Despite the rising number of immigrants arriving in Canada, newcomers still face countless barriers to employment. It’s no surprise then that many newcomers turn to self-employment and entrepreneurship after arrival, with higher rates than Canadian-born people.
According to Statistics Canada, immigrants are more likely to be business owners (5.8% vs. 4.8% for Canadian-born) and self-employed (10.8% vs. 7.5% for Canadian-born). In additional research from Statistics Canada released in April 2019, a decade-long study found that immigrant-owned firms create more net jobs and have higher growth than businesses with owners born in Canada.
But, when starting off, many immigrants lack information on the local context of doing business; they are also missing established networks and a credit history. That’s why immigrant entrepreneurs need additional support to plan, launch and grow their business.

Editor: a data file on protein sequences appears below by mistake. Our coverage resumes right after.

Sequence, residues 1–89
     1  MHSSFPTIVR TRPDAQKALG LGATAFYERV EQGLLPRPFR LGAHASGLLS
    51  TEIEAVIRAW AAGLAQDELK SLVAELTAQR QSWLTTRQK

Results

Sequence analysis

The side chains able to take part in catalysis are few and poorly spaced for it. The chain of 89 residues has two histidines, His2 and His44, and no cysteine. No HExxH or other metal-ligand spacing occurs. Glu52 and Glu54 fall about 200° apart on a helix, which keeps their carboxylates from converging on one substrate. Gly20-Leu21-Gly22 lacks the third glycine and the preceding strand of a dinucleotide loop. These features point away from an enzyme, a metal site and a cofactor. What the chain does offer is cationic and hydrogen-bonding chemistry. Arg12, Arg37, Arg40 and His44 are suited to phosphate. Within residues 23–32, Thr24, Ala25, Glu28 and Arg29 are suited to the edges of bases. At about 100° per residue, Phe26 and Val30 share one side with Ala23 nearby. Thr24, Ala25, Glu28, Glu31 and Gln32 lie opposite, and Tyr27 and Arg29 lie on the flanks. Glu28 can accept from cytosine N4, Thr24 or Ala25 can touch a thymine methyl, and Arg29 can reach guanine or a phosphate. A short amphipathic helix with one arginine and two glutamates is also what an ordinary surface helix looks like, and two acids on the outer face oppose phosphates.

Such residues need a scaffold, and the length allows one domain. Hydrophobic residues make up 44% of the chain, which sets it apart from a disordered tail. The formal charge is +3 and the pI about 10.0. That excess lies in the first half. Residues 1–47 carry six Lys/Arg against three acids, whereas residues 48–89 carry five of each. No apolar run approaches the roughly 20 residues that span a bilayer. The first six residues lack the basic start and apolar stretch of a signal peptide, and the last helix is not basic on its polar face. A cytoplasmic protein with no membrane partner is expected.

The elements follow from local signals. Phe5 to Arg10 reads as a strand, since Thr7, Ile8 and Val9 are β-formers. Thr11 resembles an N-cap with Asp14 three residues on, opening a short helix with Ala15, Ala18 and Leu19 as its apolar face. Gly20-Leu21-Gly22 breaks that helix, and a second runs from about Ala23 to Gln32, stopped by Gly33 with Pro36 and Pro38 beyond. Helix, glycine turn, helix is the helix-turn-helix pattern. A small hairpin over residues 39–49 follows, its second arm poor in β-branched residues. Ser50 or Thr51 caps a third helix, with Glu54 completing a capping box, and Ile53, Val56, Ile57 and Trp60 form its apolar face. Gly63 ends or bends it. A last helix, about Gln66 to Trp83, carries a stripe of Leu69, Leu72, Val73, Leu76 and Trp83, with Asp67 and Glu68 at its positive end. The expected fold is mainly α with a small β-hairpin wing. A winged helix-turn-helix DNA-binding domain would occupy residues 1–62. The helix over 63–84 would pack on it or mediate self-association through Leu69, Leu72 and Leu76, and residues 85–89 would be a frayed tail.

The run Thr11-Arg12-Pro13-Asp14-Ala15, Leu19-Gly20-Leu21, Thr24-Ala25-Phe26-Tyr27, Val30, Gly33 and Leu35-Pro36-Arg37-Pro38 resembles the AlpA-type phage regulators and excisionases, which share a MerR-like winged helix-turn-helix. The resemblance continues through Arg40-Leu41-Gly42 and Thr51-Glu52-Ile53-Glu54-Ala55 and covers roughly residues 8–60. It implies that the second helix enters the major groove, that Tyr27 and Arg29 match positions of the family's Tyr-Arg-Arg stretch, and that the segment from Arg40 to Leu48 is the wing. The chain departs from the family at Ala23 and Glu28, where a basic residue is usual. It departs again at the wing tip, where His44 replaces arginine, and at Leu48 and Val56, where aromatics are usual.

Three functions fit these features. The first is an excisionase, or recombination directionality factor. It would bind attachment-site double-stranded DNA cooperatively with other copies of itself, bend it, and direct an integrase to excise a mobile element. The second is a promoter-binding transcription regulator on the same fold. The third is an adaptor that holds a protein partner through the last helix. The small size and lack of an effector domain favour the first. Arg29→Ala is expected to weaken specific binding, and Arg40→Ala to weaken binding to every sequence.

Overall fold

The fourth annual DIVERSEcity Entrepreneur & Small Business Fair, held during Small Business Week, on Wednesday, October 23, 5–8 pm, at Surrey City Hall, was a great starting point for not only newcomers, but any other emerging or new entrepreneur looking for information and inspiration to succeed.